Actually no, you're wrong there. Primary teachers, along with other non priority secondary subjects, will get £4,000, £5,000 or £9,000 depending on their degree classification. Every trainee teacher will get at least that. Medium priority (MFL, IT and D&T) will get £9,000, £10,000 or £13,000 and high priority (Maths, Physics and Chemistry) will get £11,000, £15,000 or £20,000.

    Check out page 9 - http://media.education.gov.uk/assets/files/pdf/t/training%20our%20next%20generation%20of%20outstanding%20teachers.pdf
  7. Caroline, I didn't really insinuate that primary trainees would receive nothing at all.

    I think the missing bursary this year will be most likely down to a knee jerk reaction from labour, as I assume the budgets would have been finalised the year before while they were still in power?

    And yes, primary places are rising although won't peak for another 2-3 years, although I'm being a terrible academic and not remembering where I saw those figures. The places may be raising, but that doesn't correlate straight with jobs. Many primary schools are squeezing everything they can. Merging years, using cover supervisors beyond their set roles.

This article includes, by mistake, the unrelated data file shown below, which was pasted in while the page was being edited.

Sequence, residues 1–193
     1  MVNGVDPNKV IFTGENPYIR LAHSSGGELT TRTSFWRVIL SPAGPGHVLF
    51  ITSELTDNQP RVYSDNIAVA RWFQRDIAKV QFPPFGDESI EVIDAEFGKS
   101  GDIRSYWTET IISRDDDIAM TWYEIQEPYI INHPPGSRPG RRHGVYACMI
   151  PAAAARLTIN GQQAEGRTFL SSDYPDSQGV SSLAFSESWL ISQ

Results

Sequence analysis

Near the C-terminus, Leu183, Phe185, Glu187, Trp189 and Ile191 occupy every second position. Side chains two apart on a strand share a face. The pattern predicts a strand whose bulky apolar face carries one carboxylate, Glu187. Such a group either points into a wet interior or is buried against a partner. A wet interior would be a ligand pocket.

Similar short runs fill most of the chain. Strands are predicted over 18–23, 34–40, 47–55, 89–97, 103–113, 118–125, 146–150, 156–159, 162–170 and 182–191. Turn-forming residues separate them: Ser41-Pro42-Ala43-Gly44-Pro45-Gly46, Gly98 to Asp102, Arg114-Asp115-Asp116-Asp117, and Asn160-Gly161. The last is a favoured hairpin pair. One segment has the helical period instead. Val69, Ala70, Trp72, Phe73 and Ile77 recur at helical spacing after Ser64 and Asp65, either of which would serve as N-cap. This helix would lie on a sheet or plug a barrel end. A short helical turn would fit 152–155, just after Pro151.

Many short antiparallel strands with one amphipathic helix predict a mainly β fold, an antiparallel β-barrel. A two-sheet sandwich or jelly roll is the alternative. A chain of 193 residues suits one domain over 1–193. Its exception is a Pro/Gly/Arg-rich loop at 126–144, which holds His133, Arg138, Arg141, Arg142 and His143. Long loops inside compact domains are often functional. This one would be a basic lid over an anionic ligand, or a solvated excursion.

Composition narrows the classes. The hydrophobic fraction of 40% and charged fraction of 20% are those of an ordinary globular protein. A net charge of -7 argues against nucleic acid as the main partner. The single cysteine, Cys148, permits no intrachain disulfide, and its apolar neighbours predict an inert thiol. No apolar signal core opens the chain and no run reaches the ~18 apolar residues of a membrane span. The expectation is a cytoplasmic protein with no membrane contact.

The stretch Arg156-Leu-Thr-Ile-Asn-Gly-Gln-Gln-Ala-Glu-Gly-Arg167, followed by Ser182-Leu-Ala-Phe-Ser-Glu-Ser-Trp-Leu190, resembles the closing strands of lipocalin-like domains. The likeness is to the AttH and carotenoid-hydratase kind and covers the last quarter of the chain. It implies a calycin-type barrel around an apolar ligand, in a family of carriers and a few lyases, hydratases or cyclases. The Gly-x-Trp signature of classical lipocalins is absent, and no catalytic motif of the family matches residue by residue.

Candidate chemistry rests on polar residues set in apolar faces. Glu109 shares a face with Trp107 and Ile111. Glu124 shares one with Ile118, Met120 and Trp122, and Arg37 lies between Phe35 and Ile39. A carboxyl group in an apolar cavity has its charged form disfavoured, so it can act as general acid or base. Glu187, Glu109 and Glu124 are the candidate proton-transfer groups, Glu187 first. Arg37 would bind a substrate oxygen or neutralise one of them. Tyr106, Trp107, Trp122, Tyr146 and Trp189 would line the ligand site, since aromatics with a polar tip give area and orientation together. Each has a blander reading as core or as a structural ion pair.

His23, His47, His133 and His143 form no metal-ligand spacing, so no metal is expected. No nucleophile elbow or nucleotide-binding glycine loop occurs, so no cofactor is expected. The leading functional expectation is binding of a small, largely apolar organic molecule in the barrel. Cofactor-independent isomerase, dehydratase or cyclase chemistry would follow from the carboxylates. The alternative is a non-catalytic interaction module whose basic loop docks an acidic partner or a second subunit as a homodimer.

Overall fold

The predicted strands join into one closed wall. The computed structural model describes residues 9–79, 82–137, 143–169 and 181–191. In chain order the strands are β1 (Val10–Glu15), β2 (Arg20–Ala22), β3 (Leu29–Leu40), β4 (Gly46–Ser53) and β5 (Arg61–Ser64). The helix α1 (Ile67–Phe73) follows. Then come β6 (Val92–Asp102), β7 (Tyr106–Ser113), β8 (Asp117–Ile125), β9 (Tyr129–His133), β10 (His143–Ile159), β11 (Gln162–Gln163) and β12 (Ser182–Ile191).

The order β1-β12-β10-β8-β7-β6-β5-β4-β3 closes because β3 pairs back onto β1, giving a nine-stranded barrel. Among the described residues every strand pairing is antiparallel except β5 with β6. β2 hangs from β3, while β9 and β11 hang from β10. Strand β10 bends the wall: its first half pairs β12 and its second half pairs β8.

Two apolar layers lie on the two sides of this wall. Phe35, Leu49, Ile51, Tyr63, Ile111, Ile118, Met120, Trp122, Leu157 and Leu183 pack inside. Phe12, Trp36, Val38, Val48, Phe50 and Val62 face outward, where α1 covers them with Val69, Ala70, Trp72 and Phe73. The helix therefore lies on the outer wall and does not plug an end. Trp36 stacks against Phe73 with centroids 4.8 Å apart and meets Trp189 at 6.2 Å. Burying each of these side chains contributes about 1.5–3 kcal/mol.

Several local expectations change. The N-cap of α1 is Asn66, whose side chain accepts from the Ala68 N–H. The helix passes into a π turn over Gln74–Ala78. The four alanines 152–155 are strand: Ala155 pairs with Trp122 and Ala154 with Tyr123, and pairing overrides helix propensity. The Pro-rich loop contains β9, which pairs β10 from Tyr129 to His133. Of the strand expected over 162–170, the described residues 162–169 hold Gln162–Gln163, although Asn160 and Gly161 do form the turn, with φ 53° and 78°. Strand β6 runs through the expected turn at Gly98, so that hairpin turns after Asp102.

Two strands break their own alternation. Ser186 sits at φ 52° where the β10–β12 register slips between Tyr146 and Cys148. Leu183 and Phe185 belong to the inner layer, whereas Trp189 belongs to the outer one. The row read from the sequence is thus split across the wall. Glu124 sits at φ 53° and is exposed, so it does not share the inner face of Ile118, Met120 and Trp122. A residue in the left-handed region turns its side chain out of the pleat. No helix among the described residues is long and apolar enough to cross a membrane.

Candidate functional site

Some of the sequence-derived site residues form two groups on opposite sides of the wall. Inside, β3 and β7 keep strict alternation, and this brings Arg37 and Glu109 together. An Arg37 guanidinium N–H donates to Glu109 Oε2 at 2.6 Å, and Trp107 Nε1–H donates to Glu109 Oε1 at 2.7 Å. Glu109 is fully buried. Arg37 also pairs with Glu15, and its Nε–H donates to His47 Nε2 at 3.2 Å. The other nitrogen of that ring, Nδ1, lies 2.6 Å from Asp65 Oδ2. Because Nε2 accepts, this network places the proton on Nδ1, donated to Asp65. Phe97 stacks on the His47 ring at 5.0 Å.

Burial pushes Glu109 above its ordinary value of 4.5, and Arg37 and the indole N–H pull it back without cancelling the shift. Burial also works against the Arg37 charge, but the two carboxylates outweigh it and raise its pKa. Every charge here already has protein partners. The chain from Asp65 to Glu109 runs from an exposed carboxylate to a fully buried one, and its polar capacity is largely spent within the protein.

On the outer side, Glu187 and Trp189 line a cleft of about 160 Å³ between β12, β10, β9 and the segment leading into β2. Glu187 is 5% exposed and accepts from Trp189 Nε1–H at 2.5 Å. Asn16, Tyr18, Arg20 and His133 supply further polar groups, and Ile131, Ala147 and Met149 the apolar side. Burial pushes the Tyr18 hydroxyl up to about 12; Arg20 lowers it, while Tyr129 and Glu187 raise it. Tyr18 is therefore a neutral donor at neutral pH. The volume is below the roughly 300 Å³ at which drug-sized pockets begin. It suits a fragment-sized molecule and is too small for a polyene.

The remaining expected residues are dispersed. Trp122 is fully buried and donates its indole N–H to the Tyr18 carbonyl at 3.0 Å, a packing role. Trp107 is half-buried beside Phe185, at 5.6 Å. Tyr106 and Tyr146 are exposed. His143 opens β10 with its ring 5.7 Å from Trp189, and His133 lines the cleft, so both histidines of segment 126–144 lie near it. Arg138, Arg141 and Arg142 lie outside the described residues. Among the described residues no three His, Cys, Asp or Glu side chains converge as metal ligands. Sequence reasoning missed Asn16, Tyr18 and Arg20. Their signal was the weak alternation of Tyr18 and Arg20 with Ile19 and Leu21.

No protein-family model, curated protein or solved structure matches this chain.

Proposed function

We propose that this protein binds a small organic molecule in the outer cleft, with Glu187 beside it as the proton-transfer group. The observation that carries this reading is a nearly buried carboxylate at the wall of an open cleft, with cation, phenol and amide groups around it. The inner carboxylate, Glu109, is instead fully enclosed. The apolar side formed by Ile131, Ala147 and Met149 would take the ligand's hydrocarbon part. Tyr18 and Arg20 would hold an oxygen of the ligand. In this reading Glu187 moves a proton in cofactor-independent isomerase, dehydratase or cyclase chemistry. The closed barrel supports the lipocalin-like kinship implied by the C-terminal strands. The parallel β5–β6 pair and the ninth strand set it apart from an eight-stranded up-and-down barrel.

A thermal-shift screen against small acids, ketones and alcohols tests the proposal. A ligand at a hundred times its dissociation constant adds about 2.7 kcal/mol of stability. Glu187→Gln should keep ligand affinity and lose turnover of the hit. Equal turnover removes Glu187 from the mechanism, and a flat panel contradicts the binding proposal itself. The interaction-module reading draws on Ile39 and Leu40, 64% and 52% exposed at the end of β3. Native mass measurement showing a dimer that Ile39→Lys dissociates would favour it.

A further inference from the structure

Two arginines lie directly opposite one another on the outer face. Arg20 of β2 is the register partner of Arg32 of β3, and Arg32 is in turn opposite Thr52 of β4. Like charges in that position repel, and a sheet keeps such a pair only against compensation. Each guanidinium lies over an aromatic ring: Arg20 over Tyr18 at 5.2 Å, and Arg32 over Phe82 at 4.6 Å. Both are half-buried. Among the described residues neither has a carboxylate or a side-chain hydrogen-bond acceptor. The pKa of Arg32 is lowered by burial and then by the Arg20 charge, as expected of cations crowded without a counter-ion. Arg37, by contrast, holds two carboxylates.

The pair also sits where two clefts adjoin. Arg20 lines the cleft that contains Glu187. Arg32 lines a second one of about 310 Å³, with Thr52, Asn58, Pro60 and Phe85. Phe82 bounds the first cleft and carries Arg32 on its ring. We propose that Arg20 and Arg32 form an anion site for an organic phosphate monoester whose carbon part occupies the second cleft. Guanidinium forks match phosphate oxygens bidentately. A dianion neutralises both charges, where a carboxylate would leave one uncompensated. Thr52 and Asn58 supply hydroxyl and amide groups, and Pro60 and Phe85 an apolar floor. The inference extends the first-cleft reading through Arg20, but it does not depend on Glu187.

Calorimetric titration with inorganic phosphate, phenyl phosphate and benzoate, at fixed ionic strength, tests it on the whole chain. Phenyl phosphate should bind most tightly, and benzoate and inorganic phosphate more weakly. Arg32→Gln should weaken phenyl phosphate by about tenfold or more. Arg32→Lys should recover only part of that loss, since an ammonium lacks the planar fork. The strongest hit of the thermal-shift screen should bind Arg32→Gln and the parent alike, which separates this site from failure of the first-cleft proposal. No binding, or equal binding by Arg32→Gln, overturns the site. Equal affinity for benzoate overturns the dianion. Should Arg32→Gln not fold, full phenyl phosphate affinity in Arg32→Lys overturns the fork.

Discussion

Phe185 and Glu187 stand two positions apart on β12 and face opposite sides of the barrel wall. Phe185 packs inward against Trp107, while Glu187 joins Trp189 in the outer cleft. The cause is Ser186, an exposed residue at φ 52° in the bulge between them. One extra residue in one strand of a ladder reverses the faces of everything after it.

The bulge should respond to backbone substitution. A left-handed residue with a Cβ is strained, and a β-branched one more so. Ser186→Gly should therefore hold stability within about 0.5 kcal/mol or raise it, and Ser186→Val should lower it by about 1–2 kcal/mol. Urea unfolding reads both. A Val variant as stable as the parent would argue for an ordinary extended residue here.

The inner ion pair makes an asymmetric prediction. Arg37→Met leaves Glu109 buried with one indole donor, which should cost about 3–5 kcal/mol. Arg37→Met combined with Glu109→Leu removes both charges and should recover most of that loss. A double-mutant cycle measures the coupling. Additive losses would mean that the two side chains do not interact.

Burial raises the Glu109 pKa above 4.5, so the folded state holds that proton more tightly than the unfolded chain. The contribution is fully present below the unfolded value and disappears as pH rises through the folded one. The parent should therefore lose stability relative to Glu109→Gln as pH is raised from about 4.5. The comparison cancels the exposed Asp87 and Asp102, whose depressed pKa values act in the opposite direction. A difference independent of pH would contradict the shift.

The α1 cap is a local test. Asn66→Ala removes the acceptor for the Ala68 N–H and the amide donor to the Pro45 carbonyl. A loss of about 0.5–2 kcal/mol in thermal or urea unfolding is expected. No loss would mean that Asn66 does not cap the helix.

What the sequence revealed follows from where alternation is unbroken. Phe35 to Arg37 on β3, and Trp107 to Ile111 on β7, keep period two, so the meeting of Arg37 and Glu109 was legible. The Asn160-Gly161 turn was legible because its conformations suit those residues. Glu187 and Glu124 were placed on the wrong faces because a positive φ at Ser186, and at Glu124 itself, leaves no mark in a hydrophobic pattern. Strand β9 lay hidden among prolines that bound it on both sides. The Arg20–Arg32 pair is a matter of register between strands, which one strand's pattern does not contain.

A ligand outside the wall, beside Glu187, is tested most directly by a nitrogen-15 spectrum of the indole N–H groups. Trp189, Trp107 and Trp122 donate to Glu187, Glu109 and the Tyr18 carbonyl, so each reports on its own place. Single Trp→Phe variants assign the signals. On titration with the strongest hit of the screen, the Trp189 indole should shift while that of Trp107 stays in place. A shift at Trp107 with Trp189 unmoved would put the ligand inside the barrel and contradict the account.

However in 2-3 years I think the opposite will be the case and there will be issues with having enough teachers to fill the gaps from EYFS upward.

    It's a very difficult call I think. Many will argue that do teachers really need to be given cash to interest them into teaching? For me, not at all. I wasn't even aware of the small bursary available to me at the time. I had made personal changes to allow me to take the training.

    Let me put it this way, I don't like the idea of giving a Chemistry teacher £20,000 of tax payers money to make them 'find' some passion and love for teaching! I also think there would need to be extremely strict contracts with that amount of cash. You should be forced to complete your NQT + 1 year if you receive such a large amount of money. It shouldn't be a bursary, more of an advance.